Cobblestone Museum welcomes first school tour of the season
Photos by Tom Rivers
ALBION – Anaiya Griffin, an Albion third-grader, tries to lift a bear trap in the Farmer’s Hall at the Cobblestone Museum. About 60 Albion third-graders toured the Cobblestone Museum on Friday, the first school tour of the season.
There were three Albion third grade classes at the museum on Friday. Three more classes from Albion are scheduled to visit on May 29.
Brenda Radzinski, left, served as one of the tour guides. She said the bear trap is about 200 years old. A bear got caught in the trap and managed to walk in it for 14 miles about 150 years ago, when the trap was found in Barre.
Farmer’s Hall functions as an exhibition hall for 19th and early 20th century farming implements. One of the more interesting items in the Farmer’s Hall is a dog-powered butter churn.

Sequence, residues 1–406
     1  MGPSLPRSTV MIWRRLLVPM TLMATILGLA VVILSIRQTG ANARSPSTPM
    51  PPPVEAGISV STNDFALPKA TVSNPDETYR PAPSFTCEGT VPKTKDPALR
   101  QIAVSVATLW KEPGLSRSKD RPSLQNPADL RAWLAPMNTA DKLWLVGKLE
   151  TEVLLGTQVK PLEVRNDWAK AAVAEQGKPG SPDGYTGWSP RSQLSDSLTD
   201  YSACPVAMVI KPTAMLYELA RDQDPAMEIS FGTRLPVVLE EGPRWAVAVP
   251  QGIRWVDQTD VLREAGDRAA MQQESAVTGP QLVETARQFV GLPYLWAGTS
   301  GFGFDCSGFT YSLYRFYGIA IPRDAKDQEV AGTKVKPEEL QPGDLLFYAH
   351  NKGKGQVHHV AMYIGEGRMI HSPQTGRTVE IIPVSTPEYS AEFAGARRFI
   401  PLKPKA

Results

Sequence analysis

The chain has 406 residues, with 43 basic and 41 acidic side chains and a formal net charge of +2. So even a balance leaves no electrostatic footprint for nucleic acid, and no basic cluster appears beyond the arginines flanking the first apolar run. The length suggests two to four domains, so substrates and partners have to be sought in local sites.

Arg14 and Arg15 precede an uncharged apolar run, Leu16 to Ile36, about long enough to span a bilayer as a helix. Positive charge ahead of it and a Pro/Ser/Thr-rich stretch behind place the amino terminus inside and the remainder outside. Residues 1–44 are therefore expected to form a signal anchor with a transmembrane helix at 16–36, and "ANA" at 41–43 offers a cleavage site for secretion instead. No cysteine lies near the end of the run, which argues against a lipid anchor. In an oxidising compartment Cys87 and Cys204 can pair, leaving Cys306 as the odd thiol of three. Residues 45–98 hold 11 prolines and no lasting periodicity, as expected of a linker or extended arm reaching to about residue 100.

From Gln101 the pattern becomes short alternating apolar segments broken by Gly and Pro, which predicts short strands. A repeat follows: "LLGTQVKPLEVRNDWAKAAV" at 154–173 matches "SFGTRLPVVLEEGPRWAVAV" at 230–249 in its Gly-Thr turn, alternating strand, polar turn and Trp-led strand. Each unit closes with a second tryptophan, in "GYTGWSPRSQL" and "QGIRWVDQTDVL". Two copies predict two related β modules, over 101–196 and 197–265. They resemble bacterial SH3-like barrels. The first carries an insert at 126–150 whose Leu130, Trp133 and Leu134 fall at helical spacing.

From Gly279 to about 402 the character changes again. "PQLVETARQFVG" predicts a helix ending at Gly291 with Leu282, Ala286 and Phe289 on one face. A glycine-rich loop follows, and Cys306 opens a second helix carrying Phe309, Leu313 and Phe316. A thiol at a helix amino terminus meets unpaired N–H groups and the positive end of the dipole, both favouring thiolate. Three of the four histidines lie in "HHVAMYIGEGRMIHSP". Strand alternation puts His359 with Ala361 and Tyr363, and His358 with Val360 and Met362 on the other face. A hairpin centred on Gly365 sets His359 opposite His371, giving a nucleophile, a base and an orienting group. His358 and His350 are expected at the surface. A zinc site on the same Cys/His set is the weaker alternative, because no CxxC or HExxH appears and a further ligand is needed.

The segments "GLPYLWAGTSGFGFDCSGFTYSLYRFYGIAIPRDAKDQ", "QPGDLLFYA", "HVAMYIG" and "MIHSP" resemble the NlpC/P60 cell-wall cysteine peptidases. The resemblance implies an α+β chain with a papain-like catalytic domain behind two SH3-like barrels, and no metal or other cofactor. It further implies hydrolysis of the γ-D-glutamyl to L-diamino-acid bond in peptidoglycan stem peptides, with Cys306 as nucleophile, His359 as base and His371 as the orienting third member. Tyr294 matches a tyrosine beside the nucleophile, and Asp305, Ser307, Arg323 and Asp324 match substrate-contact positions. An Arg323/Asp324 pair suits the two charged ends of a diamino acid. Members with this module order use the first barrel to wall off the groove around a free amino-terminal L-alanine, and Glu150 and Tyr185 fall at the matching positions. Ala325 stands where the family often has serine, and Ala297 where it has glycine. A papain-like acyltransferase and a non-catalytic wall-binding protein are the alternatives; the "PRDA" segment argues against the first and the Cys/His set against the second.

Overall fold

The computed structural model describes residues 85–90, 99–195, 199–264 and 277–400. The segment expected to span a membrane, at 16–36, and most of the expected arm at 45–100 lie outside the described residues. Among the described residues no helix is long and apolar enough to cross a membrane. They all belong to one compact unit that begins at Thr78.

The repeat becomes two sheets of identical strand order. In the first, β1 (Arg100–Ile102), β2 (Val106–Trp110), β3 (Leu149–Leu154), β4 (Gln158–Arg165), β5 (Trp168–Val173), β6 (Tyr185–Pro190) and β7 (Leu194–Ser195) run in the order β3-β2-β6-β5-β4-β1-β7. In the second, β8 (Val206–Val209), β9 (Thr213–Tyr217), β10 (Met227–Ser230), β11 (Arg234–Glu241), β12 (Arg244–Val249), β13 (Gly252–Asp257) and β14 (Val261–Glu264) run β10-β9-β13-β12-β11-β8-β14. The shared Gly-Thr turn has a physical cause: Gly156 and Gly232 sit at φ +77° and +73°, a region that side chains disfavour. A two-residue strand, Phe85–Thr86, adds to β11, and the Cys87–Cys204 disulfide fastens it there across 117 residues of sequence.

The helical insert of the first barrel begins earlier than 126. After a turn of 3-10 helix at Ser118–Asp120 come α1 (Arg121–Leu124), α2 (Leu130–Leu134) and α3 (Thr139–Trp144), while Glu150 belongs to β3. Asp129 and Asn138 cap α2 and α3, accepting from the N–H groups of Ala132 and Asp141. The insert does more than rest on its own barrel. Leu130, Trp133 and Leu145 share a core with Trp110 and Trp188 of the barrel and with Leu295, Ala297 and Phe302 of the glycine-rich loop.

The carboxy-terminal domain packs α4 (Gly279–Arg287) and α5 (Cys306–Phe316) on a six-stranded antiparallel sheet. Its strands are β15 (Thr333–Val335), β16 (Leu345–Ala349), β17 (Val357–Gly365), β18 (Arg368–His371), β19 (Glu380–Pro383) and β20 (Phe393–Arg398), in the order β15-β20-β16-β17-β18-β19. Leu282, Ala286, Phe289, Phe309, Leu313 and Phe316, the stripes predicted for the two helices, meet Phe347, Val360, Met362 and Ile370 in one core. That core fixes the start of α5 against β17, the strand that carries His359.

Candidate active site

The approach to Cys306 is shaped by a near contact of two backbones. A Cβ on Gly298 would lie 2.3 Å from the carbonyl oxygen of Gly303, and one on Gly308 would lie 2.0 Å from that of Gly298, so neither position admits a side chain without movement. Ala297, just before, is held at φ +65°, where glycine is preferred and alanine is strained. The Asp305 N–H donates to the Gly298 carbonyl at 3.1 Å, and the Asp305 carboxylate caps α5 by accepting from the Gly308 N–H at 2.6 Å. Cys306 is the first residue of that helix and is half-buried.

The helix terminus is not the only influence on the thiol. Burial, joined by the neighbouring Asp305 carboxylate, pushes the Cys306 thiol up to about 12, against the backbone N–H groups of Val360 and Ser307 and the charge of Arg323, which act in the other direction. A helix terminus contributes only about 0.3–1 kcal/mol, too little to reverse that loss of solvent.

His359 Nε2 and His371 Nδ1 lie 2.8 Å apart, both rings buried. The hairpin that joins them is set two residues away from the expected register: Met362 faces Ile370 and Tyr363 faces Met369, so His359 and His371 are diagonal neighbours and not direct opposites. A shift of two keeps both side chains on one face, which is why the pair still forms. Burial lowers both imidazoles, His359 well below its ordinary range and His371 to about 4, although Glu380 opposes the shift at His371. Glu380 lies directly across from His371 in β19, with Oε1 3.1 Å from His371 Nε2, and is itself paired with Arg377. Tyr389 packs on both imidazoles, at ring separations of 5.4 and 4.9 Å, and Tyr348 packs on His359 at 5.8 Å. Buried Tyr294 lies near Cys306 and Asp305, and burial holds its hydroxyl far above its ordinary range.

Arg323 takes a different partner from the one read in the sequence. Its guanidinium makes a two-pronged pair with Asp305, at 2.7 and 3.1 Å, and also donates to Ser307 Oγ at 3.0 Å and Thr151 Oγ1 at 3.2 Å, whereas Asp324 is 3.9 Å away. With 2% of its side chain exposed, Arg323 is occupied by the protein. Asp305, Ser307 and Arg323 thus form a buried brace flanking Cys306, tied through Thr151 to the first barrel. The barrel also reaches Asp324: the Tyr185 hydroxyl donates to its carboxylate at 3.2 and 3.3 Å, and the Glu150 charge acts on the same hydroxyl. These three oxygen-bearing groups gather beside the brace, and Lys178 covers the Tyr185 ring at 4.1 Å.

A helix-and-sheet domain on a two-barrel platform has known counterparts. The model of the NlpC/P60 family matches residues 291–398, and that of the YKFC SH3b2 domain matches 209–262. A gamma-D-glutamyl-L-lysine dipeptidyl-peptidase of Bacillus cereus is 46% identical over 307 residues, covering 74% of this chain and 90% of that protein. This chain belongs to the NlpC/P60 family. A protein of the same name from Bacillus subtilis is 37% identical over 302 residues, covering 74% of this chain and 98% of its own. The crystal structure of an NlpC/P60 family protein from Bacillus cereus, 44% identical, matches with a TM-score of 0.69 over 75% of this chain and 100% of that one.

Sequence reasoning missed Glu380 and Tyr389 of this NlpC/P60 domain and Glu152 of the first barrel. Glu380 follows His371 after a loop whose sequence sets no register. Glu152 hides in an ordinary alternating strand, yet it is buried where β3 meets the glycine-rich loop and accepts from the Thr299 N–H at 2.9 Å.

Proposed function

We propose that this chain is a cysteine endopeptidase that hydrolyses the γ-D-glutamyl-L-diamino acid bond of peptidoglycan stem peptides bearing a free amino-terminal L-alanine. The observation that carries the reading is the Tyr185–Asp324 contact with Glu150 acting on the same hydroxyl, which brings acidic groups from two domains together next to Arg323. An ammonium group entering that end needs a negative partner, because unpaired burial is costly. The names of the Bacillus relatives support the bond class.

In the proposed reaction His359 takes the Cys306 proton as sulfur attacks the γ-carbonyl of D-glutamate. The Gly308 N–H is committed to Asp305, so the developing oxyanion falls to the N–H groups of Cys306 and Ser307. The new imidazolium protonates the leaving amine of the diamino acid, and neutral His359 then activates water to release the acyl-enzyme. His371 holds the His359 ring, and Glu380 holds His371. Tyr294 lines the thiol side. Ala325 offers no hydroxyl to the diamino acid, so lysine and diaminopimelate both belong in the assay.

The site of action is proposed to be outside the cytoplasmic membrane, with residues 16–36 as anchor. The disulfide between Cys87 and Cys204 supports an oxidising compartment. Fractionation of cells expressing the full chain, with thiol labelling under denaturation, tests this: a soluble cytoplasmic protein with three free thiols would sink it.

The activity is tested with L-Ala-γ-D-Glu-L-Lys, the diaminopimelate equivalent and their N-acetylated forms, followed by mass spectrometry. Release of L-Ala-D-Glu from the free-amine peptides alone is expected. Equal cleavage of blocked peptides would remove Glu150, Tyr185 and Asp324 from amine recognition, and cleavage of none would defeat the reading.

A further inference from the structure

Brenda Radzinski shows third-graders a barrel which she said were made by skilled people known as coopers.
Gerard Morrisey, one of the guides, leads the group into the Cobblestone Universalist Church, which was built in 1834 and is the oldest cobblestone church in North America. Morrissey shared with students how the early residents of the communities collected stones from fields and near Lake Ontario and set them in rows of mortar on the outside of buildings. Children back then would help their families collect the stones to build the cobblestone houses and churches.
Georgia Thomas gives students a tour of the print shop, which was originally in Medina in the 1870s. Thomas said the printer did the work without spell check and had to set the type manually.
Photo courtesy of Marsha Rivers: Sandy Heise, a retired Albion teacher, discusses life in the one-room schoolhouse, which opened in 1849 and served the Gaines community until it was closed in 1952.